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September 19, 2018

Why fuel prices shot up, Governemnt collects Sh38 levies, taxes per litre of petrol

Cabinet Secretary Henry Rotich leaves National treasury building for parliament to present the 2016-17 budget estimates on June 8, 2016. Photo/Jack Owuor
Cabinet Secretary Henry Rotich leaves National treasury building for parliament to present the 2016-17 budget estimates on June 8, 2016. Photo/Jack Owuor

The government will collect Sh38.41 for every litre of petrol sold up from Sh32 presently over increased road maintenance levy which accounts for nearly half the cost of fuel.

Transport Cabinet secretary James Macharia is due to gazette an increase of Sh6 in the levy any time from today, hitting motorists hard.

From every litre of petrol, Sh18 will go to the fuel levy, which is managed by the Kenya Roads Board, Sh19.89 will be excise duty, the petroleum development levy will get Sh0.40, and Sh0.12 will go to the petroleum regulatory levy.

Treasury Cabinet secretary Henry Rotich, in his budget policy statement on June 9, caved into pressure from the KRB to increase the levy by Sh6 per litre of super petrol and diesel.

Read: Motorists, industries hit hardest by fuel levy

The Treasury, the Energy Regulatory Commission, the Kenya Revenue Authority and the KRB have been discussing the effective date of the fuel levy over the past few weeks.

The energy sector regulator ERC yesterday said it is awaiting direction from the KRA and KRC on the gazettement of the levy before it is factored into super petrol and diesel prices.

“It (the implementation date) is something we are waiting from KRA and once the KRA confirms we shall be in a position to tell,” ERC acting director for petroleum Edward Kinyua said on the phone.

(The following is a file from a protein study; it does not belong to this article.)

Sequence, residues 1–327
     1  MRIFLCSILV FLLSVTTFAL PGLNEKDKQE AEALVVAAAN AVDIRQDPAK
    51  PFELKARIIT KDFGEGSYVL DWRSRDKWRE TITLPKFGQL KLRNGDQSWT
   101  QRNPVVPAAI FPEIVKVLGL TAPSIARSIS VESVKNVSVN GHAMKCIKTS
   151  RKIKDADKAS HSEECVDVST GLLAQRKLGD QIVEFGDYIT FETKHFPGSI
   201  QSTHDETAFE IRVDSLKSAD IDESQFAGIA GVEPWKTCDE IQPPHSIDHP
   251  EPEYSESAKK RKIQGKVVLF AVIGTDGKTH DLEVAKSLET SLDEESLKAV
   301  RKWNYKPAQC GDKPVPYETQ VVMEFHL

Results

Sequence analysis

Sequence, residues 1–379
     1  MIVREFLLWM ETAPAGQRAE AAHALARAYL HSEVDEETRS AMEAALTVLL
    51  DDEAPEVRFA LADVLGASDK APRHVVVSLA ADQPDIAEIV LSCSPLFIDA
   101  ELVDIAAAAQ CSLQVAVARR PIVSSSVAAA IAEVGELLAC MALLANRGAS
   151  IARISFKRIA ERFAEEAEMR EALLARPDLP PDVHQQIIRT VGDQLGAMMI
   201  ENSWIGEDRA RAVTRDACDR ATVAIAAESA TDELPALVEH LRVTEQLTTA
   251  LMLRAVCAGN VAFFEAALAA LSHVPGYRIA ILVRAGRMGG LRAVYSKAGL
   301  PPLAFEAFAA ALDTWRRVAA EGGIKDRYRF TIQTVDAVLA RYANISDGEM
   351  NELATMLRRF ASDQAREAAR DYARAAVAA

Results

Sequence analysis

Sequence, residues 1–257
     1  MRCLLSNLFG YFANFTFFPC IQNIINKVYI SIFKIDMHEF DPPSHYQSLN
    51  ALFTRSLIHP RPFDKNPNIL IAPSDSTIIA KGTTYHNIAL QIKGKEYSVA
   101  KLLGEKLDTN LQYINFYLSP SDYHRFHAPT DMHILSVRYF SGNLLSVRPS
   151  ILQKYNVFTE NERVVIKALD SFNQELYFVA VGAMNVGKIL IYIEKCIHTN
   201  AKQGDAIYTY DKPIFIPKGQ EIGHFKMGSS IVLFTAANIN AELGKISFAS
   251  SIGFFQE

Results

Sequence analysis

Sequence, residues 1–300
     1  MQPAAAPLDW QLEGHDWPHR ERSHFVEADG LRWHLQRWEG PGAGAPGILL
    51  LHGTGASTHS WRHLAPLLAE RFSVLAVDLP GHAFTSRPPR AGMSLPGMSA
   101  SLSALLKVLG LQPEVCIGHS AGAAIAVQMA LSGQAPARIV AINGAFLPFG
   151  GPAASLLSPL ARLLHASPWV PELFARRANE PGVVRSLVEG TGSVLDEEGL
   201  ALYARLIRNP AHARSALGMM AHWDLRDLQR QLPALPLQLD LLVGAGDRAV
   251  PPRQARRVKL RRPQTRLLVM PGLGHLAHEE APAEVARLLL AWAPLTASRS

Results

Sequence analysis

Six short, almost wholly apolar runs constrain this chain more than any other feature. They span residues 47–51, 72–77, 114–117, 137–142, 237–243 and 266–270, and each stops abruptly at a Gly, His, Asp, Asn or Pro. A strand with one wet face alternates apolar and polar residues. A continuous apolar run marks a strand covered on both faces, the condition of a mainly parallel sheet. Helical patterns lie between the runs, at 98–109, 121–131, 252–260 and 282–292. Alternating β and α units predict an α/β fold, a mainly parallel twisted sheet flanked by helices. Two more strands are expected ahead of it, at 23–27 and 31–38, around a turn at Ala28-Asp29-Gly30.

“We can’t say that it will not be factored in this month’s pricing because we have today and tomorrow (to fix the fuel prices). They (KRA) are following up on the gazette notice.”

The KRB in its proposal for doubling fuel levy in the financial year 2014-15 from Sh9 set in 2006, which was first rejected by the Treasury, argued the cost of construction materials, labour and transport have all risen amid expanding road network.

“The construction of roads may be a public good and therefore taxes are used, but they should be maintained by people who are using it,” Institute of Economic Affairs Kwame Owino said yesterday.

“But there is an efficient question of what share of that money goes into administration and what goes into the roads. In most cases generally about 20 or 30 per cent of the levies goes into administration costs and that’s what really concerns us as the Institute of Economic Affairs.”

If the increased levy is considered in today’s review, about 44.57 per cent of the retail price for a litre of petrol will be spent on levies and taxes, going by last month’s Sh86.17 price for Nairobi.

The government share will rise further by 16 per cent from September next year when the Value Added Tax is applied on petroleum products.

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